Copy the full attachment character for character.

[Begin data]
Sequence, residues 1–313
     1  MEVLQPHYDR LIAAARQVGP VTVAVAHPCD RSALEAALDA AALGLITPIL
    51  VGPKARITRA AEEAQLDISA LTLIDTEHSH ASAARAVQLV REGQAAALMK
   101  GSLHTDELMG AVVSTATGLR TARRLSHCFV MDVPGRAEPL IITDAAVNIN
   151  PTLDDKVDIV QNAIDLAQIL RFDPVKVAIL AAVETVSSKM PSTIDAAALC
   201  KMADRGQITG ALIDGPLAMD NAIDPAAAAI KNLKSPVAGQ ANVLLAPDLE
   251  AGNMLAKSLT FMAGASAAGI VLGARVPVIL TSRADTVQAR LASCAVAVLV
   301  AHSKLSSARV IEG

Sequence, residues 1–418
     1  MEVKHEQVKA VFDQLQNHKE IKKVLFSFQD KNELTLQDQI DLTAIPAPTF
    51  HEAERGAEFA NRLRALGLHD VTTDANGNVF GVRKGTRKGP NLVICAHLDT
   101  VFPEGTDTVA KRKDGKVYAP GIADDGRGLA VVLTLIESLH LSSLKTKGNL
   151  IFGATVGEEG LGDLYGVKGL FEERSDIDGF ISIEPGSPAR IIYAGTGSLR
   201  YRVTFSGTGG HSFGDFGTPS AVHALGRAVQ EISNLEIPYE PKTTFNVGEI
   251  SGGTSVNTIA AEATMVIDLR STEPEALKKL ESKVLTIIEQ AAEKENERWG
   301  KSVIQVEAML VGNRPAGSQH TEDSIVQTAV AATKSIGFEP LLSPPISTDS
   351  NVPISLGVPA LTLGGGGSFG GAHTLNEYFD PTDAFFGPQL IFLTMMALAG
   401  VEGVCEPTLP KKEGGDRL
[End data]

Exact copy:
Sequence, residues 1–313
     1  MEVLQPHYDR LIAAARQVGP VTVAVAHPCD RSALEAALDA AALGLITPIL
    51  VGPKARITRA AEEAQLDISA LTLIDTEHSH ASAARAVQLV REGQAAALMK
   101  GSLHTDELMG AVVSTATGLR TARRLSHCFV MDVPGRAEPL IITDAAVNIN
   151  PTLDDKVDIV QNAIDLAQIL RFDPVKVAIL AAVETVSSKM PSTIDAAALC
   201  KMADRGQITG ALIDGPLAMD NAIDPAAAAI KNLKSPVAGQ ANVLLAPDLE
   251  AGNMLAKSLT FMAGASAAGI VLGARVPVIL TSRADTVQAR LASCAVAVLV
   301  AHSKLSSARV IEG

Sequence, residues 1–418
     1  MEVKHEQVKA VFDQLQNHKE IKKVLFSFQD KNELTLQDQI DLTAIPAPTF
    51  HEAERGAEFA NRLRALGLHD VTTDANGNVF GVRKGTRKGP NLVICAHLDT
   101  VFPEGTDTVA KRKDGKVYAP GIADDGRGLA VVLTLIESLH LSSLKTKGNL
   151  IFGATVGEEG LGDLYGVKGL FEERSDIDGF ISIEPGSPAR IIYAGTGSLR
   201  YRVTFSGTGG HSFGDFGTPS AVHALGRAVQ EISNLEIPYE PKTTFNVGEI
   251  SGGTSVNTIA AEATMVIDLR STEPEALKKL ESKVLTIIEQ AAEKENERWG
   301  KSVIQVEAML VGNRPAGSQH TEDSIVQTAV AATKSIGFEP LLSPPISTDS
   351  NVPISLGVPA LTLGGGGSFG GAHTLNEYFD PTDAFFGPQL IFLTMMALAG
   401  VEGVCEPTLP KKEGGDRL